For me, January included a quick trip to San Antonio to attend the NCAA Convention, and then I returned in time to head to D.C. for the annual conference of the National Council for Science and the Environment. The theme was environmental health, which was perfect since I was teaching a course on that topic for the first time during the spring semester. The conference was held right after the inauguration, and the organizers kept asking people to focus on science rather than the political climate. That was a bit difficult. For one thing, Newt Gingrich had been invited as the keynote speaker. And by the second day of the conference, a gag order of sorts had been issued for employees of federal agencies. Representatives of the EPA, USDA, CDC, etc. (the very agencies charged with protecting the environment and public health) couldn’t talk to us. Of course, this was just a foreshadowing of things to come with the country's new administration, but I don’t want to dwell on politics here. Do you remember the AltUSNatParkService and other rogue Twitter accounts of federal agencies? If not, see stories here and here.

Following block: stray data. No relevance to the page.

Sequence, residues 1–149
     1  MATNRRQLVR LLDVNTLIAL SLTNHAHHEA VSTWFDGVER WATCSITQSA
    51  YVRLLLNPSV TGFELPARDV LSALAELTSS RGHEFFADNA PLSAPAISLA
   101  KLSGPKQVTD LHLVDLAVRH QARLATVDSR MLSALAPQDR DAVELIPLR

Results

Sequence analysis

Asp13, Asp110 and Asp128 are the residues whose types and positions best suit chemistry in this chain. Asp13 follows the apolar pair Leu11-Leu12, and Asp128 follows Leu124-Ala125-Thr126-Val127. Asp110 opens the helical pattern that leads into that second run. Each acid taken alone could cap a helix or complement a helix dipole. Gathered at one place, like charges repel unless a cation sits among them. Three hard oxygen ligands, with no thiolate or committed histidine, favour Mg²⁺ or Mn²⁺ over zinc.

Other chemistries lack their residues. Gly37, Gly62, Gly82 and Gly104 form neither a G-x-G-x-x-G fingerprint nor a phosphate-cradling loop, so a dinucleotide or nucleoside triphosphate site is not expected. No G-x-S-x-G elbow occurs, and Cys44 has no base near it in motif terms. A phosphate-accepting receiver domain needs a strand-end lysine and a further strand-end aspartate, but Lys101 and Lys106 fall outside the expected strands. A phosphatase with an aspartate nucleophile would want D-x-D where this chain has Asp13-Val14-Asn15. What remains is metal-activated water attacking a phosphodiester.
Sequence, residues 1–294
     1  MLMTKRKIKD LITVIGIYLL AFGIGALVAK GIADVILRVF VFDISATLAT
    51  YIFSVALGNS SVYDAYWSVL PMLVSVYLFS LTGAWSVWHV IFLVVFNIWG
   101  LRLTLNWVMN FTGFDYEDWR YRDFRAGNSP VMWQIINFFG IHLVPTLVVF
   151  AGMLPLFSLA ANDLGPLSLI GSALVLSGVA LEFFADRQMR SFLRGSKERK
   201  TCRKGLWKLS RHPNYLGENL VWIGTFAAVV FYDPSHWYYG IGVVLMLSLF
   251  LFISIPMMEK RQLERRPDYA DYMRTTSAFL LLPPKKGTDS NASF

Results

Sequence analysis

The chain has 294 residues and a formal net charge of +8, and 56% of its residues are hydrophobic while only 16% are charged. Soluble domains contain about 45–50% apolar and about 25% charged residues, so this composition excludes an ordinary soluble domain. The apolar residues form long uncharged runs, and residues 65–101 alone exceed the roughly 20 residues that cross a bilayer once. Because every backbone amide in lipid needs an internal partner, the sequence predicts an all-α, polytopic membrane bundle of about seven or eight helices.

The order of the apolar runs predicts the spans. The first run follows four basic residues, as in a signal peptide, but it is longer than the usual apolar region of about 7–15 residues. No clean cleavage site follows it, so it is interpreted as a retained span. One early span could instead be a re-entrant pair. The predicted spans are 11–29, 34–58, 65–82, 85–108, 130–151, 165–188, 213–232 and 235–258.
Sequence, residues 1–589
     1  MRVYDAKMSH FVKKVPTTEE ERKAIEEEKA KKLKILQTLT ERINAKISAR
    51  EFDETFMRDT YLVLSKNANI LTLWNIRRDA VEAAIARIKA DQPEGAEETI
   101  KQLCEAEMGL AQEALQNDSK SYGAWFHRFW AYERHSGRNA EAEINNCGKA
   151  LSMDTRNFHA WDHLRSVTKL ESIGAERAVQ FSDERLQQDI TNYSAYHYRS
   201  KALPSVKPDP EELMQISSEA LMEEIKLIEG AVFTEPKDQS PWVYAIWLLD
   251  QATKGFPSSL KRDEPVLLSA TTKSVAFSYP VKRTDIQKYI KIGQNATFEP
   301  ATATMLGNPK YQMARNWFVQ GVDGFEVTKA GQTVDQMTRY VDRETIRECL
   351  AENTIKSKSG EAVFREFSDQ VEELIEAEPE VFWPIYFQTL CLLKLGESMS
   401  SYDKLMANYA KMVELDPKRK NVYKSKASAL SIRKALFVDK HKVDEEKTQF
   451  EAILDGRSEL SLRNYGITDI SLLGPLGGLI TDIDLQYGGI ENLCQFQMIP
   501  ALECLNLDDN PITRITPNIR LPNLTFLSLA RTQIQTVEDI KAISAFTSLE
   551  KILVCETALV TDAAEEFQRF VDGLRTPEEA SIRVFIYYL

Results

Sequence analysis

In February, we welcomed the poet/essayist Alison Hawthorne Deming to the Moravian campus as part of year-long focus on sustainability and for the Moravian Writers’ Conference.

A number of workshop leaders (including me) were scientists who dabbled in writing. It was a great time to reconnect with some creative writers/environmentalists who attended the Wildbranch Writing Workshop with me back in 2011 (where I met Alison) and to spend time with Alison.

Alison doing a reading at the Moravian Writers' Conference
If you haven’t read any of Alison's work, you should:
during my darkest grief the forest
was like an open sea birch trees
the beacon I used to steady my position 
my brain felt at home among
saplings that tangle seeking light
that part of the soul Aristotle thought  
we held in common with plants  
Alison Hawthorne Deming
from Stairway to Heaven